Wendy Hiller is perfectly cast in the role of Eliza, having a certain earthiness about her, which makes her so believable as the cockney upstart. Yet, she has enough of an incandescence about her, so as to make her believable in her transition from gutter to drawing room. Scott Sunderland is wonderful as Col. Pickering, the buffer between Henry and Eliza. Marie Lohr is excellent as Mrs. Higgins, Henry's exasperated mother. The scene in which Eliza has tea with Henry's unsuspecting mother and her guests is one of the funniest on the silver screen. Look also to a wonderful, comedic foray by Wildred Lawson, as Eliza's father, Alfred Doolittle.
All in all, this is a film that has withstood the test of time.
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1 of 1 people found the following review helpful
5.0 out of 5 stars PYGMALION IS WON OVER BY HIS GALATEA... May 26 2002
By Lawyeraau TOP 100 REVIEWER
Format:VHS Tape
This superlative, award winning film adaptation of George Bernard Shaw's play is as delightful today as when it was first filmed, nearly sixty five years ago. This ageless story, based upon greek mythology in which an ivory statue of a maiden, Galatea, is brought to life by the prayers of its sculptor, Pygmalion, features a professor of linguistics, Henry Higgins (Leslie Howard), who takes a cockney flower seller, Eliza Doolittle (Wendy Hiller), and bets that, within a matter of six months, he can turn her into a lady who can pass in high society without betraying her lowly origins.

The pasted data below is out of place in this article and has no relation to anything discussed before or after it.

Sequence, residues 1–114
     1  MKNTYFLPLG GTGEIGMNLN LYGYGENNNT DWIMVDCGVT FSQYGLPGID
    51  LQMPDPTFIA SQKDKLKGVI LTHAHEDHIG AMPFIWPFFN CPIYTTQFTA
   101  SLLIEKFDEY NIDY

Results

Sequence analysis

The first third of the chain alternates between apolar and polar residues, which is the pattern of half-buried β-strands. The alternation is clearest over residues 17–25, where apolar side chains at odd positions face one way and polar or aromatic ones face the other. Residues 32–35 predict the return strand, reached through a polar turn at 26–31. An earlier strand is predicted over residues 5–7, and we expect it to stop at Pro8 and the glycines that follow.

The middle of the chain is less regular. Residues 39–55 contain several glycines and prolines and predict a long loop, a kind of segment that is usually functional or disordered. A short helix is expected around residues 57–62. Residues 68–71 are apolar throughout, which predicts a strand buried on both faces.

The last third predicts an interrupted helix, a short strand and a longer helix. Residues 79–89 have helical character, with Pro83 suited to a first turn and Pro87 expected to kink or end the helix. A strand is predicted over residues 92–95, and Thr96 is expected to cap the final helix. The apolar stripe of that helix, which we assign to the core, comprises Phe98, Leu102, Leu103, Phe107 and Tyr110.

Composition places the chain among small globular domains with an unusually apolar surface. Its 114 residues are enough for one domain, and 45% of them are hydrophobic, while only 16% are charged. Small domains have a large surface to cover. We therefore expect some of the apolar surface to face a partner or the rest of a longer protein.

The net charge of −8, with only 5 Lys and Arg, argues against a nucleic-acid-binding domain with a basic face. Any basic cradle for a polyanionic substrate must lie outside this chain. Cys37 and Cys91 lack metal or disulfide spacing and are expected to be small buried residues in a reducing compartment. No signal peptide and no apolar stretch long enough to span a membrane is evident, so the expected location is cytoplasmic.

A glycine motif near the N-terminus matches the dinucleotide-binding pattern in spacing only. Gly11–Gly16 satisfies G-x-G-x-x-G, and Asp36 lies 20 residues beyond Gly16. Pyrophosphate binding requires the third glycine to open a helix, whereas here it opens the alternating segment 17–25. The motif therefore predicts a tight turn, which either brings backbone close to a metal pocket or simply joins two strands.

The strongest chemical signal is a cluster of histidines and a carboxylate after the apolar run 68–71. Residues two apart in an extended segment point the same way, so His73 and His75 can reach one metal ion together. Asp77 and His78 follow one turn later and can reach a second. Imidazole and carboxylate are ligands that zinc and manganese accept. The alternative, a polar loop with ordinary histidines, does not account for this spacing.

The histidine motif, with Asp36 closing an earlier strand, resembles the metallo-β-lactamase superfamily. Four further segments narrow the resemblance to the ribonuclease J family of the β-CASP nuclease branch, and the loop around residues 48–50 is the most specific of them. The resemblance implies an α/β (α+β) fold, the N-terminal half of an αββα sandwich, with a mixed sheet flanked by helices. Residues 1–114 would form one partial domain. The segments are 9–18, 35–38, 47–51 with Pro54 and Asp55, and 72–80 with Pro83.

Leslie Howard, wonderful in the role, is the quintessential Henry Higgins, playing him as an arrogant, aristocratic misogynist whose own mother (Marie Lohr) barely finds him tolerable. Henry makes his bet about his prospective success with Eliza with his friend, the kindly Col. George Pickering (Scott Sunderland), a wealthy gentleman who bankrolls the costs of Eliza's transformation from guttersnipe to royal pretender.